This week, Zero Punctuation reviews Resident Evil 7.
Resident Evil 6 left the franchise in a bit of a state, didn't it? Imagine a nice, fluffy omelet that you mixed together from perfectly acceptable ingredients and lovingly cooked in a pan for just long enough, but then you cooked it a bit longer, then a bit longer still and subjected it to eight seconds of concentrated machine gun fire, that sort of state. Fortunately, Capcom has an emergency policy in place in a little box on the wall marked "In Case of Resident Evil Becoming Shit Again, Break Glass", and that policy states that if at first you don't succeed, give up and do something else. It worked for Resident Evil 4, when Capcom said to itself, "Hey, we're shit at writing story and dialogue that always comes across as laughable and slightly camp. Let's just play that up and make the combat not so much like trying to teach the elderly how to dance to Stayin' Alive."
Resident Evil 7 again reworks the formula from the ground up. Now it's first-person, much tighter in scope, emphasizing the "horror" part of "survival horror", and Capcom have finally figured out how to write a half-decent story: they got someone else to do it! It's also emphasizing the "resident" part of "Resident Evil", because it takes place entirely in a spooky residence. Well, three or four spooky residences, but it's set in rural America, where there's fuck-all to do in the winter except build yourself another house.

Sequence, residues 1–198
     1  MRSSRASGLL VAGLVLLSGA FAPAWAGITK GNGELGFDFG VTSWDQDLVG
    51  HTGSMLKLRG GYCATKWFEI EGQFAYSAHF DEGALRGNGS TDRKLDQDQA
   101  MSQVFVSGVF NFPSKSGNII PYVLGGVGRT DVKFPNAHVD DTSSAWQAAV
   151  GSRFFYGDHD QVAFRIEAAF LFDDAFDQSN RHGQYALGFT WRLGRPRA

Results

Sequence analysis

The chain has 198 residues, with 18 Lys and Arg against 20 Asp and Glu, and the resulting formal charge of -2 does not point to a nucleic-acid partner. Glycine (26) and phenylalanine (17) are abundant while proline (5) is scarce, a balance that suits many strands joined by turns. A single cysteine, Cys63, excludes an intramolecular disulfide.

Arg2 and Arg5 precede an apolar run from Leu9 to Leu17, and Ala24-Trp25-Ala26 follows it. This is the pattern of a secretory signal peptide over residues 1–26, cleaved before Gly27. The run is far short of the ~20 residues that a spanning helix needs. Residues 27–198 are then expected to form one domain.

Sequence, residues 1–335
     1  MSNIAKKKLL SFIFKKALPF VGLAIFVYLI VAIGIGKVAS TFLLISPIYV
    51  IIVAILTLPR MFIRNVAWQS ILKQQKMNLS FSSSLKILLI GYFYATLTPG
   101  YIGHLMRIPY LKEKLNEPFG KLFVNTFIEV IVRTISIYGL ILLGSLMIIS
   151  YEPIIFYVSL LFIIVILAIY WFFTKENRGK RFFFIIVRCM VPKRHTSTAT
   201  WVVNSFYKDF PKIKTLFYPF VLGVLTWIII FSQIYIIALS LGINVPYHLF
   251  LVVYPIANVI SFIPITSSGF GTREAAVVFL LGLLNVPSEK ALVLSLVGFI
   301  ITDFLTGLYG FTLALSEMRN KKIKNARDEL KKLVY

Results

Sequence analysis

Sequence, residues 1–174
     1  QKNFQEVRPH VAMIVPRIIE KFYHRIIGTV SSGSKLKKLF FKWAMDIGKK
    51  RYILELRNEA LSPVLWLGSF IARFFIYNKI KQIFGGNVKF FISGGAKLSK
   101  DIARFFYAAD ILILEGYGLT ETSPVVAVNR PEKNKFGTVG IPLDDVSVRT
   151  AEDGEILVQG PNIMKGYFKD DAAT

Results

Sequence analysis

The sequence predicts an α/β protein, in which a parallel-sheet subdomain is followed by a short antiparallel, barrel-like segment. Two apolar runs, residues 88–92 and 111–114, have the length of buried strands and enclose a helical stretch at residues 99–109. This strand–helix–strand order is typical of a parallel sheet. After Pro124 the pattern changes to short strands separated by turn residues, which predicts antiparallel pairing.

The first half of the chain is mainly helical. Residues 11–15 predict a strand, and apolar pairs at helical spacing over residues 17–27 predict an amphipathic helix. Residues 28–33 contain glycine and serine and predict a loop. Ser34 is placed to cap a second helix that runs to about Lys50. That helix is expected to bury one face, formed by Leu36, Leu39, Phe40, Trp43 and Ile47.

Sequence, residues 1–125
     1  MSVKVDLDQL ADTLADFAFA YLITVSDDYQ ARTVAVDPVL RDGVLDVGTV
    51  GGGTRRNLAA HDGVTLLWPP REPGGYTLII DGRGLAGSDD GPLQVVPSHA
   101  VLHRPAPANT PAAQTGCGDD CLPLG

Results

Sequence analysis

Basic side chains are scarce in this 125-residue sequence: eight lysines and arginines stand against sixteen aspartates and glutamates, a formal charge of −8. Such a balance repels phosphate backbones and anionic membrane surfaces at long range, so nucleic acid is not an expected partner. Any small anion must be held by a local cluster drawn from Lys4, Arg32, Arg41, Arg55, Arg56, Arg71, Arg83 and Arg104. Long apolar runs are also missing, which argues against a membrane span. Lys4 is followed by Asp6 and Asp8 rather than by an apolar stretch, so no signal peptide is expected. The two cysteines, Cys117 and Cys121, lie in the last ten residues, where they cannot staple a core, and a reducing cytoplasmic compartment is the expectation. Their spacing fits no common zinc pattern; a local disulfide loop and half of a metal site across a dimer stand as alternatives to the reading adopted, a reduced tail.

Our protagonist, Ethan Winters, drives to a scary place in the middle of nowhere because his wife who's been gone for three years sends him a message asking him to-- Hey, wait a minute! That's just Silent Hill 2! Fortunately, RE7 swiftly differentiates itself, because while James Sunderland gets drawn into a masterfully crafted atmosphere of dreadful symbolism, Ethan Winters gets a hand chainsawed off. Well, that's much more expedient! He finds himself at the mercy of a family of psychotic superpowered Republicans who want to "Make Ethan's Bodily Integrity Great Again" by sawing more bits off of it. Whoops! Bit political, that; better insult the other side to retain balance. In contrast to previous Resident Evil protagonists, Ethan is a normal dude with all the fighting skill of a Democratic party election campaign, although having said that, he bounces back from traumatic injuries remarkably quick. Stuff gets shoved through his hand so often, he should start using the hole to store his biros and business cards.
RE7 has taken a lot of cues from that popular breed of claustrophobic first-person chasey-chasey horror of the Slender and Outlast sort of area that for a while was using Steam the way parasitic wasps use the bodies of caterpillars, the kind of thing that goes, "No, you can only run away and hide because we decided not being able to fight back is scarier, and it's just coincidental that it's also massively easier to program." Resident Evil 7 looked at that and said, "How about we do that, but also - weird idea - give the player a big fuck-off gun? Would that still be scary?" Yes, actually, especially since guns bother these regenerating rednecks about as much as maintaining cultural diversity.
Resident Evil 6's giant, overblown monster battles feel even sillier now that I'm ten times more unnerved from being chased around a coffee table by an angry bloke with a spade and a stripy pajama top. This does, of course, raise the question of why they bothered to give us a gun if redneck du jour can keep shrugging it off, but it turns out sometimes your attacks do have a permanent effect. It's a little bit inconsistent, story-wise, but the game usually gives you a signal to indicate you're supposed to stop running and start attacking. The signal is that all the doors are locked and there's a big neon sign over the roof saying "Boss Fight".